Friday, June 15, 2007

Pura Vida - back to the simple life in Costa Rica...

"Should we pick the bananas on the way home?" I ask. It is dark. We are walking the trails to the right of the catarata (waterfall) in the middle of the Monteverde Cloud Preserve in Costa Rica. We walk single file, my sister Carrie in front, her husband Pablo behind me.

Carrie and I wear the kind of headlamps that miners wear, illuminating 15 feet ahead of us on our path. We navigate carefully, slipping sometimes on large tropical leaves or patches of mud, picking our way over stone paths, holding on trees and sometimes each other.

All around us, night sounds: birds, crickets chirping, the sound of rushing water. Occasionally Pablo howls or whistles behind me in response to an animal call. "A little further to go," says Carrie, as we walk up and down muddy steps, across rocks, over more slippery yellow leaves. The canopy of trees overhead obscures the moon.

When darnkness fell, we had been sitting at the mouth of the waterfall, by the pool at the foot of a 100 foot cascade, but when the packs of bats came swooping down overhead, we scrambled back to the path and headed home.

We feel our way, the light spilling ahead of us on our path, up and down and around, across log bridges, rocky stairways and paths, forks in the road. I couldn't figure out how Carrie and Pablo knew the way home so well, but it is a path they had walked many times before. To me, it stretched on and on in the dark... until we finally reach a meadow that looks familiar to me.

We walk through it and then through the banana trees. At the end of the corridor of banana trees, Carrie picks six green bananas to fry for our dinner, passing up the plantains this time. Overhead the clouds slide across the star-pricked sky to reveal the moon.

Bananas in hand, we walk back toward the cabin, ducking underneath the barbed wire fence. "Home sweet home," Carrie says as we approach the small wooden cabin, painted aquamarine on the outside, with two travel hammocks swinging on the porch overlooking the mountain and valley views beyond.

In the mornings here, there are hummingbirds, butterflies, sometimes even a pack of white-faced monkeys flying through the trees next to the cabin. Sometimes they hang around outside long enough for us to catch a quick out-of-focus picture, but if you get too close, they vanish into the treetops. You hear the wish-wish-wish sound of leaves rustling at the tops of the trees, and suddenly the fast moving climbers are out of sight, gone.

The variety of the animal species residing here is amazing - from the resplendent quetzal to the basilisk or "Jesus lizard" that walks on water to the shimny honeycreeper (blue bird) to the famous large blue morpho butterflies, an otherworldly royal blue on one side and camouflage brown with a big fake eye on the underside (they are my favorites).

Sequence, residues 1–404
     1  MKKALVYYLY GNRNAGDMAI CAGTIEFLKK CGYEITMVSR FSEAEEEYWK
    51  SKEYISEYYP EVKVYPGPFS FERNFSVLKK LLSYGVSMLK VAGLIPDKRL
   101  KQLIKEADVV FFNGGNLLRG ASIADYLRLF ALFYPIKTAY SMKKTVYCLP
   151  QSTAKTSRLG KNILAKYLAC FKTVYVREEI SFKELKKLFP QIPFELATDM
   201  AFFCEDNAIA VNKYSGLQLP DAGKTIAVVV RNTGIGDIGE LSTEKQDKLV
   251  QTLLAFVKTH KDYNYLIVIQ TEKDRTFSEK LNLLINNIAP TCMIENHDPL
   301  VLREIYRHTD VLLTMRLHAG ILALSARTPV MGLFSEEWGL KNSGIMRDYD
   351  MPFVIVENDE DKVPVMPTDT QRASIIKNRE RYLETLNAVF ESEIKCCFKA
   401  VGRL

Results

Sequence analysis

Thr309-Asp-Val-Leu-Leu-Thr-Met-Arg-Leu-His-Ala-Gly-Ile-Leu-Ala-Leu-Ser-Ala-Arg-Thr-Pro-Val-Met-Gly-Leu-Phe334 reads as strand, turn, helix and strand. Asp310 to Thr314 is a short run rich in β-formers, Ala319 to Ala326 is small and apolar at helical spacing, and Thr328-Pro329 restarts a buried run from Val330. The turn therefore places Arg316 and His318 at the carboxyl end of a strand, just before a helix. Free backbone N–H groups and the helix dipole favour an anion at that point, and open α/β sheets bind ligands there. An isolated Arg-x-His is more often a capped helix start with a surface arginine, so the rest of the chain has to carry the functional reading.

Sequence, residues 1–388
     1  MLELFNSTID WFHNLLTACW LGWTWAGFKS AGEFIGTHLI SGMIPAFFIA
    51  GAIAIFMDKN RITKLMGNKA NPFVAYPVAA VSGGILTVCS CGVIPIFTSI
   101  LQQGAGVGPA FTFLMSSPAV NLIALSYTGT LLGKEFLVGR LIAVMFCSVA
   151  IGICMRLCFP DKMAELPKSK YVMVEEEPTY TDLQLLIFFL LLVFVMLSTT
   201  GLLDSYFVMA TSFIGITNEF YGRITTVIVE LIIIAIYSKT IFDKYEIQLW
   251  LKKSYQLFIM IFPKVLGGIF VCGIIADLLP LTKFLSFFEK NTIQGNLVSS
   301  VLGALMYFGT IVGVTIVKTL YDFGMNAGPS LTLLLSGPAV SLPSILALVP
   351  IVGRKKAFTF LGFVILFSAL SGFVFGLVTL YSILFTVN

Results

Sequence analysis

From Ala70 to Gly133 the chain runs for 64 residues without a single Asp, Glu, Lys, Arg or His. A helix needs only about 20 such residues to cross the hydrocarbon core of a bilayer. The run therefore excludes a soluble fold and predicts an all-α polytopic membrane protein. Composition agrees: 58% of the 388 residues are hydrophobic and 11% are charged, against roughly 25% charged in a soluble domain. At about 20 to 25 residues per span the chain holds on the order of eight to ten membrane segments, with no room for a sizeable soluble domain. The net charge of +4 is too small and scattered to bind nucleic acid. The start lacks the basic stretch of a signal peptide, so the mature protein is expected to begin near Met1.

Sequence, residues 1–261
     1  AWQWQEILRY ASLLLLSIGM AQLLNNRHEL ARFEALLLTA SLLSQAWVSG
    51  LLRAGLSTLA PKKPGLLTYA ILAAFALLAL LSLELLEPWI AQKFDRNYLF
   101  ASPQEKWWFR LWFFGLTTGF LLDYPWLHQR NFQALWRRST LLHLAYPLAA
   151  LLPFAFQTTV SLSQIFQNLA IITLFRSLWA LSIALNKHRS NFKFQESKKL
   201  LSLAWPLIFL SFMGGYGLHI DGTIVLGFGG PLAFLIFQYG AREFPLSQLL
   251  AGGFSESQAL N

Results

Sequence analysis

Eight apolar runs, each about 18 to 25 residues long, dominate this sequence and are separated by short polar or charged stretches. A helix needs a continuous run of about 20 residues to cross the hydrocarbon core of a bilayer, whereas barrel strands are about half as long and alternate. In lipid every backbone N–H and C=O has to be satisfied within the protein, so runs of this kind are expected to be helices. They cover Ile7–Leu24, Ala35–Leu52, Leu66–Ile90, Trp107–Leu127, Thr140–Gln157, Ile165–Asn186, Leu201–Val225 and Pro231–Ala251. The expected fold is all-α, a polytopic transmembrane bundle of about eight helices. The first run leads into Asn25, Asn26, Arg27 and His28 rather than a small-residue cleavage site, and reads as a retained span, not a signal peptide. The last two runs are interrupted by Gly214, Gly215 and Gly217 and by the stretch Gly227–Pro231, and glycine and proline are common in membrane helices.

Inside the cabin there are hundreds of varieties of bugs it seems, crawling and flying around - the cabin is charming, rustic, but not airtight or bugproof. When I first arrive, my sister warns me about the scorpions. "Don't worry," she says. "They're not the lethal kind."

Once or twice a day, she takes a bucket and a kitchen spoon and scoops a scorpion off the wall or floor and carries the bucket outside to deposit it on the grass or near the compost heap.

I never thought I'd be so casual about scorpions, but somehow I don't give the bugs here a second thought, content to settle into a simplified life for a while. We spend a week together in this cabin, where there is no hot running water, and no refrigerator.

Preparing meals takes a while, and it's something Carrie and I do together to pass the time while we visit. Carrie and Pablo have greens and veggies delivered to the house twice a week, and we cook up root vegetables and rice, or curried lentils, or black beans with onion and hot sauce. The cooking supplies are limited of course since we can't have perishable items - dairy or meats - only veggies, beans, grains, dry goods.

Somehow this environment brings out the creative cook in me and I find myself making extravagantly delicious dishes with simple ingredients: spicy curried lentils with lemon rice and fried candied sweet potato slices. Pasta with fresh basil and tomatoes and garlic, salted just enough.

Somehow when we cook in the rainforest with simple ingredients on a two burner stove, and you're very hungry, the food is twice is delicious. Simple. Good. Pura vida.